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What's Left to Eat? The Debbie Downer or Negative Ned's Guide to Food

What's Left to Eat? The Debbie Downer or Negative Ned's Guide to Food

updated

Many Americans are committed to choosing healthy, nutritious foods, but their options appear to be very slim. What choices are unanimously considered to be healthy, if any? A quick Internet search for the foods below yields at least one warning about the risks associated with consuming each:

Red Meat

Red meat has a reputation for being unhealthy, so its inclusion on this list may come as no surprise. On his blog, CNN correspondent Dr. Sanjay Gupta sums up why eating red meat may be hazardous to your health:

"Aside from high fat and cholesterol, eating a lot of red meat has also been associated with heart disease, type 2 diabetes, and higher risks of breast, stomach and colorectal cancers."

Out: Beef, Lamb, Pork, Venison

Processed Meats:

In its recommendations for cancer prevention, the American Institute for Cancer Research very clearly says to "avoid processed meats."

Out: bacon, sausage, hot dogs, ham, cold cuts

Dairy:

As PETA (People for the Ethical Treatment of Animals) criticizes the treatment that dairy cows receive, it also warns of the dangers for those who drink their milk:

"While cows suffer in animal factories, humans who drink their milk increase their chances of developing heart disease, diabetes, several types of cancer, and many other ailments."

The Harvard School of Public Health does not say to avoid milk and dairy altogether, but it does raise concerns about their risks:

"While calcium and dairy can lower the risk of osteoporosis and colon cancer, high intake can increase the risk of prostate cancer and possibly ovarian cancer. Plus, dairy products can be high in saturated fat as well as retinol (vitamin A), which at high levels can paradoxically weaken bones."

Out: Fat Free Milk, Whole Milk, ice cream, cheese, etc.

Refined Grains

Refined grains are routinely criticized for not being as healthy as their whole grain counterparts. A 2007 article on Web MD mentions one reason why:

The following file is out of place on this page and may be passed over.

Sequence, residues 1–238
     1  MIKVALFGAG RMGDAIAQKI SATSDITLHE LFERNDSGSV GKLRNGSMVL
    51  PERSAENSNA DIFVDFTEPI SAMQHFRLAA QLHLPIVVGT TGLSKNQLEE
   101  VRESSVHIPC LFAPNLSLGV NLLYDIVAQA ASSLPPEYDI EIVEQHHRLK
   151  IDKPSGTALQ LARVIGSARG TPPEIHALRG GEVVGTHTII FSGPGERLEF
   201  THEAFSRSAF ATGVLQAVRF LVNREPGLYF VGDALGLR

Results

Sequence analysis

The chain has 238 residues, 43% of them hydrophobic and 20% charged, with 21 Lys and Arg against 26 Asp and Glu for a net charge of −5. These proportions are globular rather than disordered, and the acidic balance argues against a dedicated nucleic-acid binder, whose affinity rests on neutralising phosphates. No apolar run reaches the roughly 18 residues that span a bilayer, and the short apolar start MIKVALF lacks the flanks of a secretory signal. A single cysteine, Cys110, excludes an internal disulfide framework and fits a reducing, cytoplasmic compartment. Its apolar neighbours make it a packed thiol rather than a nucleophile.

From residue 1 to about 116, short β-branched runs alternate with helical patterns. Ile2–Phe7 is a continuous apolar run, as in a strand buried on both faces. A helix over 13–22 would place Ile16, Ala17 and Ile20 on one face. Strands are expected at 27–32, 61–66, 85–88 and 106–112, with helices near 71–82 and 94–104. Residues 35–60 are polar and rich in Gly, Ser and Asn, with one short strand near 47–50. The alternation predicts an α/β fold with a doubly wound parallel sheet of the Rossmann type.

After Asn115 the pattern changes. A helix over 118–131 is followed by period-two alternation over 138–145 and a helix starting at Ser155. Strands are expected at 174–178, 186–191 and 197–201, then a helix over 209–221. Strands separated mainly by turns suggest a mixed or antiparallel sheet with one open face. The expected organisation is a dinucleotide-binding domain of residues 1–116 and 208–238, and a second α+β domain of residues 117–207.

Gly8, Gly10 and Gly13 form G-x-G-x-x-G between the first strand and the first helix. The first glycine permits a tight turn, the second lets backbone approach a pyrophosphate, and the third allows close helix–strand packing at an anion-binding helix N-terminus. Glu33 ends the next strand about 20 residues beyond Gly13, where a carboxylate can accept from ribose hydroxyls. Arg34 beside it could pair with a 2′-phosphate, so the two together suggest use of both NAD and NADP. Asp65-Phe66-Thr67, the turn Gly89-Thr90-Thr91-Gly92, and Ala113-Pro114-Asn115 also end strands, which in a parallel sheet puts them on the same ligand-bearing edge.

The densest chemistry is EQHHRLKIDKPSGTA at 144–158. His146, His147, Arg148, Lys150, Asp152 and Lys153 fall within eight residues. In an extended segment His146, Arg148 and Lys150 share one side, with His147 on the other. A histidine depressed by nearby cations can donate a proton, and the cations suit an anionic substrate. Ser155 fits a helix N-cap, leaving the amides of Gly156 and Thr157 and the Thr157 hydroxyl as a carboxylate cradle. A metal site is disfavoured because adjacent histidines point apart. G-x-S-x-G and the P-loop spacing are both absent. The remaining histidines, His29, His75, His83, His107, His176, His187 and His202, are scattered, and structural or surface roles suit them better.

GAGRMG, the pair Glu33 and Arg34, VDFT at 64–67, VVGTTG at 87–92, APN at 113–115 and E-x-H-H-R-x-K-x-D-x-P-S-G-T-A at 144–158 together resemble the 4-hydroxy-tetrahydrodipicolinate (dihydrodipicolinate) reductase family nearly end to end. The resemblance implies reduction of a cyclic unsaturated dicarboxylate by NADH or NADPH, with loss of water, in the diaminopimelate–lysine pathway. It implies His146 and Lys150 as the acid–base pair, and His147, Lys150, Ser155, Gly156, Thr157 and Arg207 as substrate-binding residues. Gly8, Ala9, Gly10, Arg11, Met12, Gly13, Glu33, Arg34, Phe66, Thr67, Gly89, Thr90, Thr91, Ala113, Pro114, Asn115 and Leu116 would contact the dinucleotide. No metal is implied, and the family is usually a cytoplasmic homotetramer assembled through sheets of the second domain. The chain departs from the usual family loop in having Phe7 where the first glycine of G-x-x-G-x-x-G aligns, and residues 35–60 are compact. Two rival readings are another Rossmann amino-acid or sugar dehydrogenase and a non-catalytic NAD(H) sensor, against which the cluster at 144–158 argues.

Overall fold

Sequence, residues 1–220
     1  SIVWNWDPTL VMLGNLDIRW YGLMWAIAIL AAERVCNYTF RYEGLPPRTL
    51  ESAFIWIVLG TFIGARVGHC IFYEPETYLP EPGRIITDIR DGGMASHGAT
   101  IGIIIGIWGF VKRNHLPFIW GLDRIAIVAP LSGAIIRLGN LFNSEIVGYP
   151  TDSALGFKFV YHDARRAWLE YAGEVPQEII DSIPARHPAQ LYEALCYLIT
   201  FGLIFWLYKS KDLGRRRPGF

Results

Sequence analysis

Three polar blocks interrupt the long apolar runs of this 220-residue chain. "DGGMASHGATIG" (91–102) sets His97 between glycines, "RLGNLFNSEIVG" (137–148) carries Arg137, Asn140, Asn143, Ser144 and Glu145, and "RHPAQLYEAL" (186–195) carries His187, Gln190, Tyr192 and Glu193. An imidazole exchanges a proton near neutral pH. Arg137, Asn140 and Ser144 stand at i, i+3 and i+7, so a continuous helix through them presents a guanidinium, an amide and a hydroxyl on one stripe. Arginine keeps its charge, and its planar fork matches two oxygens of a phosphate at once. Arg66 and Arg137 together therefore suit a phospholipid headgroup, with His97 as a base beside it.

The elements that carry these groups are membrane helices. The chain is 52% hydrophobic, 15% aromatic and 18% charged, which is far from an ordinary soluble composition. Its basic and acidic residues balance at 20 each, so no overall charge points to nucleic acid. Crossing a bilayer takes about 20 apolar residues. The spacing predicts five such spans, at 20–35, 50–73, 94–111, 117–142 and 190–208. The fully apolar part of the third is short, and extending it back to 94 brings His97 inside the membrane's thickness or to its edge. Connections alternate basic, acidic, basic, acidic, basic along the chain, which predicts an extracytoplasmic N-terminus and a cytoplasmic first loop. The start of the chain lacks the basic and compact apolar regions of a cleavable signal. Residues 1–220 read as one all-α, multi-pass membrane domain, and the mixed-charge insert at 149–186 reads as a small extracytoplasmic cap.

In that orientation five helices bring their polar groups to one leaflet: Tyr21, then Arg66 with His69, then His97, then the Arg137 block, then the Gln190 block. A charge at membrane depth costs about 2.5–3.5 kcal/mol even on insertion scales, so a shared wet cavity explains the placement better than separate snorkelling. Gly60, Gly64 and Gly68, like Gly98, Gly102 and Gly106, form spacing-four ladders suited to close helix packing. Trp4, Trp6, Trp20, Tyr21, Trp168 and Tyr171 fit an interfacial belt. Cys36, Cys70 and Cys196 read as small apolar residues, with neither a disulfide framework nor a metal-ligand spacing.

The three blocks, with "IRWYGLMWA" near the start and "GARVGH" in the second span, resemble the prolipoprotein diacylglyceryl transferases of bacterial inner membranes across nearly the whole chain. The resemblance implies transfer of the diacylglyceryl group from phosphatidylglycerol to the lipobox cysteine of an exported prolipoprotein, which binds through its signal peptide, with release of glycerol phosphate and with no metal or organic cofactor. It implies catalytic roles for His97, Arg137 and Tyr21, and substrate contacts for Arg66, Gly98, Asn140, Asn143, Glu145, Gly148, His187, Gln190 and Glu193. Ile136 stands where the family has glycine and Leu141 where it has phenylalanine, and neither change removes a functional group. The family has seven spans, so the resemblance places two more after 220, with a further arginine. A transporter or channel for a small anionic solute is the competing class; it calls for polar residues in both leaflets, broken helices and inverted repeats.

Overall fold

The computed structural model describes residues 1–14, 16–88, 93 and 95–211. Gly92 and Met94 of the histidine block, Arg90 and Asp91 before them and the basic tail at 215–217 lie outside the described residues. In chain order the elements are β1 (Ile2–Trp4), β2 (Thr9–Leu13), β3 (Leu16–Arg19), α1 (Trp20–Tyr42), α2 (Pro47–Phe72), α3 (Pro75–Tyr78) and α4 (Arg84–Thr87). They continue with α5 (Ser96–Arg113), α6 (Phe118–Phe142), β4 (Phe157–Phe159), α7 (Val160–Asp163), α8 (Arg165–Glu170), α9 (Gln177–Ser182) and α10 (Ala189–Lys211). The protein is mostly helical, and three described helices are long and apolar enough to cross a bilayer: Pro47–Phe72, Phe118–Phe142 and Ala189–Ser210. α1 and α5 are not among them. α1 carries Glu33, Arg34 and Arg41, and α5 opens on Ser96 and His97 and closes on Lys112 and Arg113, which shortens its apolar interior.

"Two new studies suggest that eating simple or refined carbohydrates with a high glycemic index -- like white bread and rice -- raise the risk of type 2 diabetes."

Out: White bread, white sandwich buns and rolls, white rice, corn flakes, pretzels, enriched spaghetti and macaroni, etc.

Whole Grains

Even though mainstream nutritional doctrine insists that whole grains are healthy, not all are convinced. Dr. Joseph Mercola, believes that "severely limiting or eliminating all grains - refined, whole, sprouted or otherwise" would improve the health of millions of Americans. The reason? "Nearly everyone with high insulin levels benefits from avoiding grains - yes, even whole grains."

Out: All other grains

Fruits and Vegetables

We've almost entirely ruled out meat, dairy, and grains ( 3 of the 4 food groups from the United State Department of Agriculture's 1956 recommendations). Surely all fruits and vegetables are okay, right? Not so fast...

Dr. Nicolas Perricone considers grapes, bananas, oranges, carrots, peas, corn, and potatoes to be "bad carbohydrates." On his website he says that bad carbohydrates are quickly converted to sugar once inside the body and "cause inflammation on a cellular level."

The Environmental Health Group includes apples, peaches, strawberries, lettuce, celery, and spinach on the "Dirty Dozen," its list of the twelve non-organic fruits and vegetables that are most likely to be contaminated with pesticides.

Out: Many non-organic fruits and vegetables, and many "pro-inflammatory" fruits and vegetables

Are you Still Hungry?

So are there any foods that are safe to eat? Perhaps salmon (but not farm raised!) and nuts (but not peanuts!). It does appear that blueberries and broccoli can be eaten with impunity. But if you are trying to eat healthy by following every single piece of nutritional advice that you read on the Internet, there don't seem to be many foods left for you to choose. Indeed, the "glass half full" approach to food means that your plate will probably also only be half full.

Perhaps Mom's advice to eat everything "in moderation" really is the way to approach mealtimes.

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